Public Affairs

TRADE UNION DESK How we deliver the homes that people need

A new report from the Parliamentary Budget Office (PBO) crystallises the fundamental problem with current housing policy, writes Owen Reidy, General Secretary, Irish Congress of Trade Unions (ICTU).

Housing Affordability for Private Household Buyers in Ireland takes a deep dive into housing supply and affordability (for private buyers) and charts how both have fared over the past decade. These challenges are at the very root of the ongoing crisis.

The report confirms what many either suspect, or already know by way of hard experience in our dysfunctional housing market: the key metrics are all moving in the wrong direction, drifting ever further away from the goal of providing secure, affordable homes for all.

Thus, the report reveals that between 2012 and 2022, wages rose by 27 per cent, while house prices rose by a remarkable 75 per cent. Rents for private tenants rose by a staggering 90 per cent, over the same period.

This ‘affordability gap’ has been growing exponentially over the last decade and is now clearly unsustainable, in political, economic, and social terms.

It leaves us with a stark choice as a society: if we want to solve the housing crisis, then we either we close that gap through dramatic wage and income growth, or we move decisively to bring house prices and rents down.

It is clear that we need a paradigm shift in how we approach and deliver housing, nothing less than a fundamental restructuring and repurposing of our entire housing model.

Owen Reidy, General Secretary, ICTU


Yes, the supply of housing has increased in recent years. But mistakes made in the immediate aftermath of the 2008 crash, mistakes that were compounded by policy choices taken in the years that followed, have left a terrible and daunting legacy of unmet housing need amongst a whole generation.

Those policy choices also stripped us – via the State and local authorities – of our capacity to respond to the crisis and enshrined a fatal dependency on private, for-profit developers and landlords to deliver sufficient new homes and rental properties to satisfy the bulk of existing and future housing demand.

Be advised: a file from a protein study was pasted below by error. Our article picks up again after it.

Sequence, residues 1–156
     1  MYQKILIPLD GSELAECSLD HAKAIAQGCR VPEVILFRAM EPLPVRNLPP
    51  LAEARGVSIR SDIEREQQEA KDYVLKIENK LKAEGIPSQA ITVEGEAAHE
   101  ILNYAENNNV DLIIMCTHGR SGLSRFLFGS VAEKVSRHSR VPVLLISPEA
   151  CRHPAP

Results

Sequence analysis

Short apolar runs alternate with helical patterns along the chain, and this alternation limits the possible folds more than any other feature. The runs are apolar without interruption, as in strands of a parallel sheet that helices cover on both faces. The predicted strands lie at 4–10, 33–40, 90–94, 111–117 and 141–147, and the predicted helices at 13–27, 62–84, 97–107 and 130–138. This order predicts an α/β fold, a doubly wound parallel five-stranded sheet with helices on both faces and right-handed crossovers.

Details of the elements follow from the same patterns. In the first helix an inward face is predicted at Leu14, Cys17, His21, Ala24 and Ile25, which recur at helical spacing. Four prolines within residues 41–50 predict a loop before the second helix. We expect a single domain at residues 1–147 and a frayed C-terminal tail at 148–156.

This market-based approach rests on the belief that increased supply of housing in itself, will serve to drive down prices and deliver affordable homes. But the ‘for-profit’ development model does not work that way. In fact, developers require house prices to continually rise in order to secure finance and continue operating. Therefore, falling prices – and more affordable homes – act as a disincentive to build.

Our housing system is structurally incapable of delivering affordable homes in the numbers required to resolve the crisis. Thus, the PBO report confirms that an individual or couple on median income – the midpoint of the salary scale – can no longer afford the purchase price of an average new home. This is the generation that has been effectively locked out of the housing market.

It is clear that we need a paradigm shift in how we approach and deliver housing, nothing less than a fundamental restructuring and repurposing of our entire housing model.

Congress has published a new set of proposals on how this could be achieved (Congress Housing Ireland plan: In our view, the overarching goal of all housing policy must be the delivery of secure and genuinely affordable homes to all who need them. All else – the means of delivery, the resourcing, the skills – should then flow from that essential objective.

Congress is proposing the establishment of an entirely new entity – Housing Ireland – that will assume responsibility for delivery of new public housing, cost rental and affordable purchase homes. The new entity will be established on the same basis as existing semi state bodies, such as the ESB.

Initial financing can be secured from the existing surplus in corporate tax receipts and the new body could then issue long-term, state-backed bonds as required.

Congress is also proposing that tenants in the rental sector be afforded genuine security, primarily through the banning of no fault evictions (usually when properties are sold), along with a coherent national system of rent control.

Finally, a new, legal Right to Housing would underpin this ambitious programme of change and communicate a powerful signal as to the new model we seek to build.

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